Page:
new blog!

new blog!
Photo down the middle of a spiral staircase in an old apartment building in Tartu, Estonia.

Welcome to my new blog: candu can do. It's my personal creative outlet. I write for myself first and foremost, and if it finds an audience - well, that's OK too.

I tend to write about technology and learning, with not-so-occasional detours into whatever else is on my mind. I've blogged a few other places before, and I've collected relevant links in my blog archive, so you can always go read that while I get some more posts up here.

Technology. I've worked in tech for 15 years, most of that on web applications and services at varying scales (from small non-profits to scale-ups to Big Tech). I've been a full-time employee, a consultant, and a business owner. In no particular order, some topics I'm especially interested in: engineering process / culture, developer experience, usability, self-tracking, matching tools to problems, civic tech, data visualisation, onboarding and mentoring, debugging mindset, small-a agile.

Learning. I'm looking to transition from individual contributor (IC) roles into management - partly to keep learning and growing professionally, partly because I try to practice an all-too-rare blend of servant-leadership and high technical competence. That's a learning journey of its own, one that benefits from heaps of mentorship, training, and deliberate practice.

Valkyrie and I moved to Denmark 2 years ago, and so we're also both learning Danish, which is its own learning journey. More recent research calls into question the idea that adults are worse than children at learning a second (or third, or...) language - perhaps we're just different as learners, which certainly tracks with my own experiences as a hopeful lifelong learner. In any case, for a native English speaker, Danish both is and isn't an easy language to learn: easy for its similar vocabulary and grammar, hard for its unusually wide variety of vowel sounds which make pronunciation unforgiving.

On the name of this blog: I've had the handle candu for roughly forever. I think the first place I used it was, back in the days of Starcraft. As a then-teenager and unabashed geek growing up in Canada, I'd heard of the CANDU nuclear reactor, a feat of engineering in its own right. Well, engineering seemed Cool - which is the ultimate measure of worth to a teenager - and I liked the pun factor of "can do", and it had this oblique reference to Canadian-ness that even as a self-professed post-nationalist teenager I could get behind, so candu it was. It's stuck with me ever since, and now as a lead software engineer in his late 30s I still like the "can do" aspect of it, as a nod to the do-er / maker / builder spirit.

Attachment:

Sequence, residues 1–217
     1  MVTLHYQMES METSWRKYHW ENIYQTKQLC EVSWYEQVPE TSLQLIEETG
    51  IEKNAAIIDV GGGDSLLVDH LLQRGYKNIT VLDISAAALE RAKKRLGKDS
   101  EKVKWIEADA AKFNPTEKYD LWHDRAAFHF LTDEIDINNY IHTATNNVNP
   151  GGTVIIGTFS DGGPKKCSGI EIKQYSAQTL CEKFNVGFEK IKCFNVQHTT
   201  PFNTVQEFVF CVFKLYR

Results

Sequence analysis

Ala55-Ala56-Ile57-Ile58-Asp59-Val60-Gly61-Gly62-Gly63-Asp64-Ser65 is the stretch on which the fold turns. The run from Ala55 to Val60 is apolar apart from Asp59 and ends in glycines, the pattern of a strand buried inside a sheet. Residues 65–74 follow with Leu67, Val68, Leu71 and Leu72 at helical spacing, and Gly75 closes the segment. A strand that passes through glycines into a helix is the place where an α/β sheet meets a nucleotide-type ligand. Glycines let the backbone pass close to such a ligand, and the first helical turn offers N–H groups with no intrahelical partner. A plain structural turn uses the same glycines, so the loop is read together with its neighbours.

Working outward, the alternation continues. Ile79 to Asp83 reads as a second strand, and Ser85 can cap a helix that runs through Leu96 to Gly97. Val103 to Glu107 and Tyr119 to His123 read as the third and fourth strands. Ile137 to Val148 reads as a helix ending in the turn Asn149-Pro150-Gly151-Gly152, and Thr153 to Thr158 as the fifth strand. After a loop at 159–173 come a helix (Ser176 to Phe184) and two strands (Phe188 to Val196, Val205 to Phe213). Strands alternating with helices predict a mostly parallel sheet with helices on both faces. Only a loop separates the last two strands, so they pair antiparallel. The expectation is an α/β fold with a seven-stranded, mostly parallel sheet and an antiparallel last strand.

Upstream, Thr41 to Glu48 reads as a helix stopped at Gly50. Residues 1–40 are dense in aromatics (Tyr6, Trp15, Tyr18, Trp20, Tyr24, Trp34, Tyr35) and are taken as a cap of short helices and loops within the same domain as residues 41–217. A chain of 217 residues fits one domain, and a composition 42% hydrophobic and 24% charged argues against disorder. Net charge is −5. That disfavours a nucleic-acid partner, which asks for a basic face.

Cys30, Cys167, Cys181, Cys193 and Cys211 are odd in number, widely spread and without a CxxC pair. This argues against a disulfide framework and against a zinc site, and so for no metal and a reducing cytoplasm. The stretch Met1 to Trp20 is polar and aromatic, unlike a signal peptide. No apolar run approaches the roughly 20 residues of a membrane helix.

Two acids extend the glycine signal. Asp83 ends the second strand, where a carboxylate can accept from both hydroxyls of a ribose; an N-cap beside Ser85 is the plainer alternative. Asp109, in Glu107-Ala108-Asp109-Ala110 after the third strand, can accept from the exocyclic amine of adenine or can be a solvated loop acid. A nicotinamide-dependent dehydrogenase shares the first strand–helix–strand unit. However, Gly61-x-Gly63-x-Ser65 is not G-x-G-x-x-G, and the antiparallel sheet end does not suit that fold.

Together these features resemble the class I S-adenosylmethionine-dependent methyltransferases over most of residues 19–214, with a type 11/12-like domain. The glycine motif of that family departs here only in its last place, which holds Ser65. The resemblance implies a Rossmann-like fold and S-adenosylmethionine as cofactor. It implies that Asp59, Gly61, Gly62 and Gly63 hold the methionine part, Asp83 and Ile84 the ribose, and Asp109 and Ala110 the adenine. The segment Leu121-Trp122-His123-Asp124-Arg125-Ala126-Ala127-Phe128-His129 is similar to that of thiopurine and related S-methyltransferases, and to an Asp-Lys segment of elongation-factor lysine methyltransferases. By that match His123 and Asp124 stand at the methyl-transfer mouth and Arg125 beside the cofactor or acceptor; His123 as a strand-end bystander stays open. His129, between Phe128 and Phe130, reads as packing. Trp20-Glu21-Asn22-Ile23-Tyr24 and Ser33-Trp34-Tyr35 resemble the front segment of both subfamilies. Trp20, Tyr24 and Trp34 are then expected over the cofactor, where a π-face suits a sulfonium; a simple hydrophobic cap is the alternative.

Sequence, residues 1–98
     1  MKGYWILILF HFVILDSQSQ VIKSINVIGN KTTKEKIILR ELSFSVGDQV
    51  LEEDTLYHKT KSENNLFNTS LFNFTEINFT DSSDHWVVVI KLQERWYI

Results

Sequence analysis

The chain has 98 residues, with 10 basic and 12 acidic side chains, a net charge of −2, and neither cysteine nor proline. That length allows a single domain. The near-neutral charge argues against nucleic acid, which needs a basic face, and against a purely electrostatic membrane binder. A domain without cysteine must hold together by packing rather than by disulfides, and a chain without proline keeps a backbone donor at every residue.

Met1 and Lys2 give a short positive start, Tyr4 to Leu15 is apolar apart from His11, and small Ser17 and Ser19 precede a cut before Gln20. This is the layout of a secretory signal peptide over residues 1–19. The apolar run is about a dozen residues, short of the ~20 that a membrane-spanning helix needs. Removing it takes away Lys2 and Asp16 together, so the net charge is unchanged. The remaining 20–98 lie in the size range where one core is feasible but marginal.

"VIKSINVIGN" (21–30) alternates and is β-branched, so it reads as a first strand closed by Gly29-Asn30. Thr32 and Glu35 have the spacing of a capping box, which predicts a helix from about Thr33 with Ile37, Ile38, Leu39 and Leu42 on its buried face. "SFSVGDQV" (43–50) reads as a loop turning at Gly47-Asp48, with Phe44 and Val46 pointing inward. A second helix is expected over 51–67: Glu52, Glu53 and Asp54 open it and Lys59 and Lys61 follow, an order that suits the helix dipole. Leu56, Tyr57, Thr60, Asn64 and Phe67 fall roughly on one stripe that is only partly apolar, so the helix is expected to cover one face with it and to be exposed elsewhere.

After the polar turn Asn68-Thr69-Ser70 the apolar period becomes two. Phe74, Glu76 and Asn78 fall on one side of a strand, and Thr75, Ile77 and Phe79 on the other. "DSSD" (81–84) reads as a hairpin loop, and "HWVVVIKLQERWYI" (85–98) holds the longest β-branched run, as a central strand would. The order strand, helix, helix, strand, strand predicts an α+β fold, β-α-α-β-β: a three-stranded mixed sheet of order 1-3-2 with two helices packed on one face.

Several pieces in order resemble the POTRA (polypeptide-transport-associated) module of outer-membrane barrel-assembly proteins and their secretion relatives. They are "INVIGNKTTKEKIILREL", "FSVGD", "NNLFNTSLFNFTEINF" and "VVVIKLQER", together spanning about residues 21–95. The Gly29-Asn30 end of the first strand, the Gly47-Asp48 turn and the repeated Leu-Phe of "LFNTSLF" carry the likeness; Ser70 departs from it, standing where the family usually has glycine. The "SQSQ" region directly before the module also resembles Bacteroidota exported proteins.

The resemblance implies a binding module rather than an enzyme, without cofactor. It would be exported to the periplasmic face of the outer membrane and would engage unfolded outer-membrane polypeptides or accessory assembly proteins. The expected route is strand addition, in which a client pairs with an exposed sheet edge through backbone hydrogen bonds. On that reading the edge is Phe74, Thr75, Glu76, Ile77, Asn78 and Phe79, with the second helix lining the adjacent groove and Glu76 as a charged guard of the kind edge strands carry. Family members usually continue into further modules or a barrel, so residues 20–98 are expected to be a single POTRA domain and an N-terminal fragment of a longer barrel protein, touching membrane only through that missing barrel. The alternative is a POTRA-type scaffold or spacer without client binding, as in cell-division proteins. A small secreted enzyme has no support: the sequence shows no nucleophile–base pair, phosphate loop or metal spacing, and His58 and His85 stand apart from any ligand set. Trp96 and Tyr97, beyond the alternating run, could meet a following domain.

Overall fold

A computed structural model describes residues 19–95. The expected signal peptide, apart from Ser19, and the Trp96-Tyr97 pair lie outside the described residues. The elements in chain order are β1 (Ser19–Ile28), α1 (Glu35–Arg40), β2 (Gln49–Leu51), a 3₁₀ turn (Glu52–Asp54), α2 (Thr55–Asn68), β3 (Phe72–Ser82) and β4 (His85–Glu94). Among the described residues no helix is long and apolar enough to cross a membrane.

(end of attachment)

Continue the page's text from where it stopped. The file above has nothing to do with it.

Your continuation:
No ifs, ands, or butts: Baldur's Gate 3 just came out recently, but since Valkyrie and I had committed to finishing off Tears of the Kingdom first, we're just finally getting around to playing it for the first time tonight. As it turns out, we also recently learned the Danish word balder, which means buttcheeks, and so now we'll think of that every time we play Baldur's Gate 3. Who said language learning was boring?

Oh, and we're also about to take our Modul 4 test, which (if we pass) means we'll have B1 proficiency in Danish, i.e. early "independent learner" proficiency according to the Common European Framework. It's about at the B1 level where language learners can perform two key tasks:

  1. holding non-trivial conversations (even if they're slow and you have to ask for specific words sometimes);
  2. understand news articles, books, movies, and so on (even if subtitles and dictionaries are still valuable crutches).

These key tasks make self-directed learning much more available than before, hence the "independent learner" label.